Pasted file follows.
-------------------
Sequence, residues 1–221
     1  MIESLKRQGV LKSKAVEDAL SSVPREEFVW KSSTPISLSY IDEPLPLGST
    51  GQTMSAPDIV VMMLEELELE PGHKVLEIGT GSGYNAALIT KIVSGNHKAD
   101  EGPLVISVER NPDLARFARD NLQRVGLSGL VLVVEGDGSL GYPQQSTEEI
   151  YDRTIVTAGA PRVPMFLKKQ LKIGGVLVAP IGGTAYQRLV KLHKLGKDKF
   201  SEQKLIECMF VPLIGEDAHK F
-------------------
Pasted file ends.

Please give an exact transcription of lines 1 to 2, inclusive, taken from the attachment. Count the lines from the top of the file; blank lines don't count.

Sequence, residues 1–221
     1  MIESLKRQGV LKSKAVEDAL SSVPREEFVW KSSTPISLSY IDEPLPLGST